Armstrong enjoyed working with Oliver, but Louis’ second wife, pianist Lil Hardin Armstrong, urged him to seek more prominent billing and develop his newer style away from the influence of Oliver. Lil had her husband play classical music in church concerts to broaden his skill and improve his solo play and she prodded him into wearing more stylish attire to make him look sharp and to better offset his growing girth. Lil’s influence eventually undermined Armstrong’s relationship with his mentor, especially concerning his salary and additional moneys that Oliver held back from Armstrong and other band members. Armstrong and Oliver parted amicably in 1924. Shortly afterward, Armstrong received an invitation to go to New York City to play with the Fletcher Henderson Orchestra, the top African-American band of the time. Armstrong switched to the trumpet to blend in better with the other musicians in his section. His influence upon Henderson’s tenor sax soloist, Coleman Hawkins, can be judged by listening to the records made by the band during this period.
Armstrong quickly adapted to the more tightly controlled style of Henderson, playing trumpet and even experimenting with the trombone. The other members quickly took up Armstrong’s emotional, expressive pulse. Soon his act included singing and telling tales of New Orleans characters, especially preachers. The Henderson Orchestra was playing in prominent venues for white-only patrons, including the famed Roseland Ballroom, featuring the arrangements of Don Redman. Duke Ellington’s orchestra would go to Roseland to catch Armstrong’s performances and young horn men around town tried in vain to outplay him, splitting their lips in their attempts. Armstrong made many recordings on the side, arranged by an old friend from New Orleans, pianist Clarence Williams; including small jazz band sides with the Williams Blue Five (some of the most memorable pairing Armstrong with one of Armstrong’s few rivals in fiery technique and ideas, Sidney Bechet) and a series of accompaniments with blues singers, including Bessie Smith, Ma Rainey, and Alberta Hunter.
Armstrong returned to Chicago in 1925. He was content in New York but conceded that the Henderson Orchestra was limiting his artistic growth. In publicity, much to his chagrin, she billed him as “the World’s Greatest Trumpet Player”. At first, he was actually a member of the Lil Hardin Armstrong Band and working for his wife. He began recording under his own name for Okeh with his famous Hot Five and Hot Seven groups, producing hits such as “Potato Head Blues”, “Muggles” (a slang term for marijuana cigarettes: Armstrong used marijuana daily for much of his life and “West End Blues”, the music of which set the standard and the agenda for jazz for many years to come.
The group included Kid Ory (trombone), Johnny Dodds (clarinet), Johnny St. Cyr (banjo), wife Lil on piano, and usually no drummer. Armstrong’s band leading style was easygoing. Among the most notable of the Hot Five and Seven records were “Cornet Chop Suey,” “Struttin’ With Some Barbecue,” “Hotter Than that” and “Potato Head Blues,”, all featuring highly creative solos by Armstrong. His recordings soon after with pianist Earl “Fatha” Hines (most famously their 1928 “Weather Bird” duet) and Armstrong’s trumpet introduction to and solo in “West End Blues” remain some of the most famous and influential improvisations in jazz history. Armstrong’s style included a heavy dose of effervescent jive, such as “whip that thing, Miss Lil” and “Mr. Johnny Dodds, Aw, do that clarinet, boy!” Armstrong also played with Erskine Tate’s Little Symphony, at the Vendome Theatre. They furnished music for silent movies and live shows, including jazz versions of classical music, such as “Madame Butterfly”, which gave Armstrong experience with longer forms of music and with hosting before a large audience. He began to scat sing (improvised vocal jazz using nonsensical words) and was among the first to record it, on the Hot Five recording “Heebie Jeebies” in 1926. After separating from Lil, Armstrong started to play at the Sunset Café for Al Capone’s associate Joe Glaser in the Carroll Dickerson Orchestra, with Earl Hines on piano, which was soon renamed Louis Armstrong and his Stompers. Hines and Armstrong became fast friends and successful collaborators.Armstrong returned to New York, in 1929, where he played in the pit orchestra of the successful musical Hot Chocolate, an all-black revue written by Andy Razaf and pianist/composer Fats Waller. He also made a cameo appearance as a vocalist, regularly stealing the show with his rendition of “Ain’t Misbehavin'”,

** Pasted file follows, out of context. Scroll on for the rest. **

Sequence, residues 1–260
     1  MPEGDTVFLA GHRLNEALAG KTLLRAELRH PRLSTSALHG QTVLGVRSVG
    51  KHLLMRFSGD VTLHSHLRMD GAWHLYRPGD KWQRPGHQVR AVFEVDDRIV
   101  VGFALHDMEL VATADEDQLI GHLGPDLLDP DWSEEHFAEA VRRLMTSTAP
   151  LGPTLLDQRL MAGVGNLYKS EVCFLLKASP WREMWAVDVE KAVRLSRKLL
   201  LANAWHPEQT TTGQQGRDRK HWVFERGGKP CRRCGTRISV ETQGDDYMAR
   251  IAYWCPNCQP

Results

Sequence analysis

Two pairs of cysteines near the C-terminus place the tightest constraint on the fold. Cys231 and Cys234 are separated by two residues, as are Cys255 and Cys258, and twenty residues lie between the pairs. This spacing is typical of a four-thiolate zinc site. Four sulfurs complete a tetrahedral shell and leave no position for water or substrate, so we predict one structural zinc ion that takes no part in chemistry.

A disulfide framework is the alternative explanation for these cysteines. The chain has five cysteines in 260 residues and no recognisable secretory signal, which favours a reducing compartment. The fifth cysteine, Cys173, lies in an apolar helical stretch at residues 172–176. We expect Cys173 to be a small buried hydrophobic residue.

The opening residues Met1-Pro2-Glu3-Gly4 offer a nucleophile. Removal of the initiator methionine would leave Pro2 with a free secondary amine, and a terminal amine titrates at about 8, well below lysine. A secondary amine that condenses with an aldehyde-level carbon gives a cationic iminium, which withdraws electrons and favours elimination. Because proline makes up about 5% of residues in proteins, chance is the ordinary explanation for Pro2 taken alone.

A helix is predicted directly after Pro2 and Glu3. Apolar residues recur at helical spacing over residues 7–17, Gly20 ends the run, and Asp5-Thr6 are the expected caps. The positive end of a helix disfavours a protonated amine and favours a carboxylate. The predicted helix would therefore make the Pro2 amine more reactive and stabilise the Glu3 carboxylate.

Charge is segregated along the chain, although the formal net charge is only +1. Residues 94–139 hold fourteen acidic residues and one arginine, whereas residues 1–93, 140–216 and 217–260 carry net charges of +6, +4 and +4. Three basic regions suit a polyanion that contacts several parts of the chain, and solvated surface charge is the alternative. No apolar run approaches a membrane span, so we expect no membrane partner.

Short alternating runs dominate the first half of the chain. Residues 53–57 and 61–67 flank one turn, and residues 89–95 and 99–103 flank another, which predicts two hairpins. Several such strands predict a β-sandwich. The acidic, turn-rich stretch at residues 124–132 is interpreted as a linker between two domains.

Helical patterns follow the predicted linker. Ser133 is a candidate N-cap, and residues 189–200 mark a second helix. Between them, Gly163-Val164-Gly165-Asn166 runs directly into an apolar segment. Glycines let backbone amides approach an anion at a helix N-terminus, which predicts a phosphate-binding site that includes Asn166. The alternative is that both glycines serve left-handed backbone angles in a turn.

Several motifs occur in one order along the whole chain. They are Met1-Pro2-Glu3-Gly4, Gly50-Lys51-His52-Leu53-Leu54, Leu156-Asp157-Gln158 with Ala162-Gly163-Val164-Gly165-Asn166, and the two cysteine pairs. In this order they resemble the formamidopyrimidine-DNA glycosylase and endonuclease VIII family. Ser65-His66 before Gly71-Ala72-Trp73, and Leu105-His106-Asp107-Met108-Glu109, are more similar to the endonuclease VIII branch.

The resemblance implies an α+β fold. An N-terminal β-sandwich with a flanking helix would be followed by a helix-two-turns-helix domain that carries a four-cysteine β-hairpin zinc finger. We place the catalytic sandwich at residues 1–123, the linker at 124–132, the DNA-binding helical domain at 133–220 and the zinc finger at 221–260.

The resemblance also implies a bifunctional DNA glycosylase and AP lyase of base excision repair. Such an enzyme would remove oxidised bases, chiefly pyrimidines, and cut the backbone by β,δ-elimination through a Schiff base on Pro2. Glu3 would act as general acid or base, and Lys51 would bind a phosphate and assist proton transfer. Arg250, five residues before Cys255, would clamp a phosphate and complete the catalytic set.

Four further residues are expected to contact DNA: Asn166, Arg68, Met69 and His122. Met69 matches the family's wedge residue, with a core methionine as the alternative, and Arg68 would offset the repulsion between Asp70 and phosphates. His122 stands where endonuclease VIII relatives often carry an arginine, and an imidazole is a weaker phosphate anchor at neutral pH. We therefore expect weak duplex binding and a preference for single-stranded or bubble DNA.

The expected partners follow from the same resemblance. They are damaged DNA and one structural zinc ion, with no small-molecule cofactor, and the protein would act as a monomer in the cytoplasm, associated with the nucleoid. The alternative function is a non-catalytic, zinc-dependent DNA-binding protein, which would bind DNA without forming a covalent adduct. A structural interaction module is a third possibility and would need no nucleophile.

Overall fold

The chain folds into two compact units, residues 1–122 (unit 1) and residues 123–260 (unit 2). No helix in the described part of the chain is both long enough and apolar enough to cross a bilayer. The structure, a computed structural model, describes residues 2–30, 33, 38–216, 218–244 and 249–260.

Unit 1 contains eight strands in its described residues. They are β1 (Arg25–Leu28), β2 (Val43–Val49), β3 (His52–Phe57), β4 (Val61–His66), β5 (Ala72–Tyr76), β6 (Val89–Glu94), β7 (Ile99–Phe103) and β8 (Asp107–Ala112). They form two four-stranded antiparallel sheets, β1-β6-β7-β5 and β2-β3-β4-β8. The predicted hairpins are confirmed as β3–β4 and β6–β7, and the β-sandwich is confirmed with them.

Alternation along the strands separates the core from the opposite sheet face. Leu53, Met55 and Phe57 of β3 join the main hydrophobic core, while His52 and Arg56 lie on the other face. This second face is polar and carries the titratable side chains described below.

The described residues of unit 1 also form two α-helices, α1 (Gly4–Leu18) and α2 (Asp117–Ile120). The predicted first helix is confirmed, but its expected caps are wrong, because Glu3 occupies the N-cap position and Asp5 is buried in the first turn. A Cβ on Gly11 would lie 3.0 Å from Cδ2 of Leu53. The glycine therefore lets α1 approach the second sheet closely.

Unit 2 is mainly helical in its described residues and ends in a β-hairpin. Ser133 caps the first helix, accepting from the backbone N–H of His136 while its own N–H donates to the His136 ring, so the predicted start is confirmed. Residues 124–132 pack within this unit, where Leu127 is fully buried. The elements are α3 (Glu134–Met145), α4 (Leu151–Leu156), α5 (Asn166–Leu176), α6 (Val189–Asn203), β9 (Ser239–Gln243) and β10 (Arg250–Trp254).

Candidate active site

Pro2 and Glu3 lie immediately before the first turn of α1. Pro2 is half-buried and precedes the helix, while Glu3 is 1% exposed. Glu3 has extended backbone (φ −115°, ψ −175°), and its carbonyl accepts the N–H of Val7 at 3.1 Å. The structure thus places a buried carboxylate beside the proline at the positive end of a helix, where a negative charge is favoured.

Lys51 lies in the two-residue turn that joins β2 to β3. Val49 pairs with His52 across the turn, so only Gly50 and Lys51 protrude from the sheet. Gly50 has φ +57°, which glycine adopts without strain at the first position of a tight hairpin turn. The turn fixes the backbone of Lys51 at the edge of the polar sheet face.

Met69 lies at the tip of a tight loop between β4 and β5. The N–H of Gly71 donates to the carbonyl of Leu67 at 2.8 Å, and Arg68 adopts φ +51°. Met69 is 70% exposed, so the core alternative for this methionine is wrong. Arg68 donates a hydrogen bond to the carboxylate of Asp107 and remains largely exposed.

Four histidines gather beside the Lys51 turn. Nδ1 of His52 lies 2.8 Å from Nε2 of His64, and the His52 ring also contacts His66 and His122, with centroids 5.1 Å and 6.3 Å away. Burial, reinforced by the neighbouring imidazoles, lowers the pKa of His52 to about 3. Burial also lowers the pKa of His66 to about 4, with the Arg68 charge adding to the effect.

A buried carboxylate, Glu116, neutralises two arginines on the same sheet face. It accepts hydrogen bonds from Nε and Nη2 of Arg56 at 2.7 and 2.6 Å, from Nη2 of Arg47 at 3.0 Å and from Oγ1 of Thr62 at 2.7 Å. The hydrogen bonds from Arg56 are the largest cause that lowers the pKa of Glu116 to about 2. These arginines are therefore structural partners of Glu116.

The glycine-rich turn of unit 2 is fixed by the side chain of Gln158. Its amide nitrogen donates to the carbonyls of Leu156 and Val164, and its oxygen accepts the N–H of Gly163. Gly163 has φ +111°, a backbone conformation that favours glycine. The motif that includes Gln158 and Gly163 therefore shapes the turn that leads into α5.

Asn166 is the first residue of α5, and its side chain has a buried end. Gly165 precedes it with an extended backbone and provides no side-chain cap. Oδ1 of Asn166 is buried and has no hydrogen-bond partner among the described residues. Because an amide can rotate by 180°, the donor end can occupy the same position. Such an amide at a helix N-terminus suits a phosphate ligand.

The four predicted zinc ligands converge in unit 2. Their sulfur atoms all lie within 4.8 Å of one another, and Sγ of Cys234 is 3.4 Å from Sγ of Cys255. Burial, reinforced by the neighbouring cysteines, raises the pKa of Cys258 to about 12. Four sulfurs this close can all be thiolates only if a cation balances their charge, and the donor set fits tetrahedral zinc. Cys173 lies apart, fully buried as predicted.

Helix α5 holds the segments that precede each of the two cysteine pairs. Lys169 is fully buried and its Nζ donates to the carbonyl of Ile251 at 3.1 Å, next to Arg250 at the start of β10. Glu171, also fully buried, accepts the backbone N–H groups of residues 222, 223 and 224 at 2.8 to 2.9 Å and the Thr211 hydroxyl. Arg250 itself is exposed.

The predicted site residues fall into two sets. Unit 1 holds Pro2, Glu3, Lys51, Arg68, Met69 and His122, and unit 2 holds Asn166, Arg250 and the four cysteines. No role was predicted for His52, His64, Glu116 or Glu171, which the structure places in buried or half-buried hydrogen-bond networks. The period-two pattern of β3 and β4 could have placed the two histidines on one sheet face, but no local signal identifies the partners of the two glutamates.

Armstrong then worked at Connie’s Inn in Harlem, chief rival to the Cotton Club, a venue for elaborately staged floor shows, and a front for gangster Dutch Schultz. Armstrong also had considerable success with vocal recordings, including versions of famous songs composed by his old friend Hoagy Carmichael. His 1930s recordings took full advantage of the new RCA ribbon microphone, introduced in 1931, which imparted a characteristic warmth to vocals and immediately became an intrinsic part of the ‘crooning’ sound of artists like Bing Crosby, such as His famous interpretation of Carmichael’s “Stardust” And his radical re-working of Sidney Arodin and Carmichael’s “Lazy River”.